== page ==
At the same time Vladimir Tatlin (1885–1953) launched Constructivism with dynamic constructions of glass, metal, and sometimes suspended across corners. These works were free of any mystical content. They led Tatlin to an art based on the tangible qualities of materials assembled in space. By 1921–1922 Tatlin, joined by the Russian painter and typographer Alexander Rodehenko (1891–1956) and others, was making structures directly related to engineering; celebrations of an emerging socialist industrial society. Many of the structures were inspired by Tatlin's own wooden model for a metal structure (which was never built) taller than the Eiffel Tower, his "Monument to the Third International" (Fig 2).
Piet Mondrian (1872–1944) in the Netherlands was the other artist to arrive at an abstract art that was not abstracted from natural objects. His friends in the Amsterdam-centered de Stijl movement geometrized observed forms, but Mondrian began to compose works with straight black lines and colour patches during the years 1917 and 1918. He dabbled in theosophy, but behind his rigorously ordered paintings lay a more rational idea of life. His philosophy of life became so fixed that the style he arrived at in 1920–1921 remained unchanged for nearly 20 years (Fig 3).
Biomorphic and geometric styles
Alongside these developments the Alsatian artist Jean (Hans) Arp (1887–1966) introduced organic forms in an abstract style called "biomorphic". He made a series of painted wooden reliefs when he was a Dadaist in Zurich (1916–1918). His early Dada truculence led him to give his reliefs and sculptures comical titles like the 1926 "Navel Shirt and Head", and his links with the Surrealists in Paris after 1924 ensured a strong biomorphic line in Surrealism, with Joan Miró, (1893–1983) and Yves Tanguy (1900–1955) as its best-known exponents. Henry Moore in moving from his strongly figurative work of the 1920s to a highly abstracted style (1931 onwards) took Arp's direction a step further (Fig 5). After 1922 Russian Constructivism moved in a utilitarian direction, and the mystical art of Malevich was left to die. At the Bauhaus in Germany, Laszlo Moholy-Nagy (1895–1946) backed Constructivist developments and Kandinsky too moved towards geometry. In France artists such as Cesar Domela (1900–1992) and Jean Gorin accepted the more static line followed by Mondrian, while in London, from 1933, Ben Nicholson (1894–1982) developed a geometric style (Fig 4), as did Burgoyne Diller and Fritz Glarner (1899–1972) in New York.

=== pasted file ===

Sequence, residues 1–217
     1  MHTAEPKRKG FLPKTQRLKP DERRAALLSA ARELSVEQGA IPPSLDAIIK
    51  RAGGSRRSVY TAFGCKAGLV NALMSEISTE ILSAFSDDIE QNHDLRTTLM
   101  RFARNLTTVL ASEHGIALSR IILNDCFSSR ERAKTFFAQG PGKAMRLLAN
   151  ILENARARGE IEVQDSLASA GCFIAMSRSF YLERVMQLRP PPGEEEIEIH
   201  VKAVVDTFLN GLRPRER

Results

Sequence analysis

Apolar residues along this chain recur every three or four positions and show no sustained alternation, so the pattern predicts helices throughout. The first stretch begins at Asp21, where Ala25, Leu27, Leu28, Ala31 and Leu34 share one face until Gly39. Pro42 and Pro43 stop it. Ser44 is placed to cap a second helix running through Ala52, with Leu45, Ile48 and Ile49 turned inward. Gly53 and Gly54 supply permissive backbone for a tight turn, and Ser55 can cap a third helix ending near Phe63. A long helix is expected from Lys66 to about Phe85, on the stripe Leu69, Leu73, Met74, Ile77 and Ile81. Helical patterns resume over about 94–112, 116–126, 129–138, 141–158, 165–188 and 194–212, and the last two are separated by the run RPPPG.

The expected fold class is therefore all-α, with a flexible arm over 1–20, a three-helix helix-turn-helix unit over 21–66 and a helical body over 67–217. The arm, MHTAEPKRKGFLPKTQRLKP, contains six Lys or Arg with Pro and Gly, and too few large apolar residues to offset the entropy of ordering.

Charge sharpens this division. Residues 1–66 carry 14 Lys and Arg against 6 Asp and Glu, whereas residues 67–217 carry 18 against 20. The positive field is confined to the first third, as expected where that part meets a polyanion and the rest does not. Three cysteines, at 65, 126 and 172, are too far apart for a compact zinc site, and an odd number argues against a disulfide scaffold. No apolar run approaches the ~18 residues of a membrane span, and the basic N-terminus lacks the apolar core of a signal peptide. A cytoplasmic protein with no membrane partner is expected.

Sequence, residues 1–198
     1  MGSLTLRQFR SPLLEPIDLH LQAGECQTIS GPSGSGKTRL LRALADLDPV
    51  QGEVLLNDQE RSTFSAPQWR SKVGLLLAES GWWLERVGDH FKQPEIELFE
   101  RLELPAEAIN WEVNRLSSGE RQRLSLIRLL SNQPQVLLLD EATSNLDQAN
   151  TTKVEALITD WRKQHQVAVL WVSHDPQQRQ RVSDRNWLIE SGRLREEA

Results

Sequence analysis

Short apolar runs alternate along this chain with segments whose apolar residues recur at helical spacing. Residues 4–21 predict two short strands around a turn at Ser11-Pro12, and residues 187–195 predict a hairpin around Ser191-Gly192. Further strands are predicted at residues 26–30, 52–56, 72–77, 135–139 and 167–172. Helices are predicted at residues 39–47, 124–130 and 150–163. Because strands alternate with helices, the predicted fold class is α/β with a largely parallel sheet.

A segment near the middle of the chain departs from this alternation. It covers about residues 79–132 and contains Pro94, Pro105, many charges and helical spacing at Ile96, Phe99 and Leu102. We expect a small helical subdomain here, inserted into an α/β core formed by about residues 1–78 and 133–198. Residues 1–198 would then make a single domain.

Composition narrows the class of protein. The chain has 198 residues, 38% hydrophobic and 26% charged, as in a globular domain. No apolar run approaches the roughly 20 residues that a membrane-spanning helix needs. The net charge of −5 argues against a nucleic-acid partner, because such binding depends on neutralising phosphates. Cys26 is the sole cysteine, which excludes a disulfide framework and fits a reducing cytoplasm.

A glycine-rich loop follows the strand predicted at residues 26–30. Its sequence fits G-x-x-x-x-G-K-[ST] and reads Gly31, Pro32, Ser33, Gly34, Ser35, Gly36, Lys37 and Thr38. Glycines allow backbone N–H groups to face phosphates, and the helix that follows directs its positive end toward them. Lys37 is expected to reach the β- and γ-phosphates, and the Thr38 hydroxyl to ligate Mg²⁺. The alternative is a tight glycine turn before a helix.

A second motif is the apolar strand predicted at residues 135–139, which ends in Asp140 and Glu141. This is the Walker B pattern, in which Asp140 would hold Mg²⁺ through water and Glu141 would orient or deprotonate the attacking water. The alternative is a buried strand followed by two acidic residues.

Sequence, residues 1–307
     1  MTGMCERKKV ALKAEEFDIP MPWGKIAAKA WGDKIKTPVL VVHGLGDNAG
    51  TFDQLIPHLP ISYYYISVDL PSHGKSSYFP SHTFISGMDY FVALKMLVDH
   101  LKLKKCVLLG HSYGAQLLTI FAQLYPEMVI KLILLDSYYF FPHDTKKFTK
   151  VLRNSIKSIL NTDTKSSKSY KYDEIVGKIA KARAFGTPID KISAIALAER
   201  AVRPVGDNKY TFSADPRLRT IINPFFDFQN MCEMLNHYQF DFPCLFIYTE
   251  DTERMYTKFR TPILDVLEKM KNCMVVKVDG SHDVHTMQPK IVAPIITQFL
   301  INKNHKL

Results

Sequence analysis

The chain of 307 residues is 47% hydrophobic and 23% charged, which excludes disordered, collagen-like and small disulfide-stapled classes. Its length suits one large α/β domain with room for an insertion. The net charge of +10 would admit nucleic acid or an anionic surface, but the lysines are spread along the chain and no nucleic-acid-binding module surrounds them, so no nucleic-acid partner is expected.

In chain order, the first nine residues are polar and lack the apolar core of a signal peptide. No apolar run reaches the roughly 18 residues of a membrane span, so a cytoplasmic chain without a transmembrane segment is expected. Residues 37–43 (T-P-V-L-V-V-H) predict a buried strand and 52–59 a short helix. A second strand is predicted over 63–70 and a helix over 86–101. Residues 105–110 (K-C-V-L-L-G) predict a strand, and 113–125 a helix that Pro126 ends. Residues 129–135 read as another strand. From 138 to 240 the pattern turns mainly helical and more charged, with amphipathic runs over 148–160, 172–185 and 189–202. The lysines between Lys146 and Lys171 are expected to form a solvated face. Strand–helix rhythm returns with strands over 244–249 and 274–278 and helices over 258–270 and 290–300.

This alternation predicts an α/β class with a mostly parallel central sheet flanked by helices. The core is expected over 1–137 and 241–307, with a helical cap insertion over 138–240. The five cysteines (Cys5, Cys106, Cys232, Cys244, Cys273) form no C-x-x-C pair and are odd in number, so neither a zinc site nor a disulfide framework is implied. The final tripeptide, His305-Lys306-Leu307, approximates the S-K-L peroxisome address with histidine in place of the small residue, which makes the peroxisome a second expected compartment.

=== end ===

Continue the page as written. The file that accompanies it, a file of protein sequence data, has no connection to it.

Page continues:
|"Naval Shirt and Head" (1926), a painted plywood relief by Jean Arp, anticipates his later free-standing sculpture. The first true three-dimensional work, "Head with Three Annoying Objects" appeared in 1930. Arp wanted to make things that seemed alive and were the product of hand, eye and intuition, yet that repeated the form of no known things. He never abstracted from observed forms and disliked the term "abstract art". His connections with the Surrealist movement were made possible by his dislike of reason and calculation and by his spontaneous way of working.|
Neither geometric nor biomorphic abstraction died during the 1940s, but in New York there was a further major development in abstract art – Abstract Expressionism. This was not a style but rather a group of individual styles, the most influential artists being Jackson Pollock (1912–1956) after 1943 and Willem de Kooning (1904–1997) after 1947. Behind this development lay the Surrealist emphasis on the creative process itself coupled with a desire to break with the confining strictures of geometric abstract art and Cubist structure.
After 1947 Pollock's "drip paintings" (Fig 6) focused attention on the movement of the painter's hand and decisively challenged the tight shapes of twenties and thirties abstraction, both geometric and biomorphic. Thus an entirely new kind of abstract painting was created. Among the artists to follow Pollock's direction without sacrificing individuality was Franz Kline (1911–1962), who in 1950 began to produce black-and-white paintings, such as "Chief" (Fig 7), which were in effect hugely magnified brush drawings. They evolved out of calligraphic figurative drawings done over the previous few years. Less explosively exciting, but equally free of the shaping and the spatial structures of Cubism and geometrical abstraction, were the huge expanses of color produced by Clyfford Still (1904–1980), Barnett Newman (1905–1970), and Mark Rothko (1903–1970).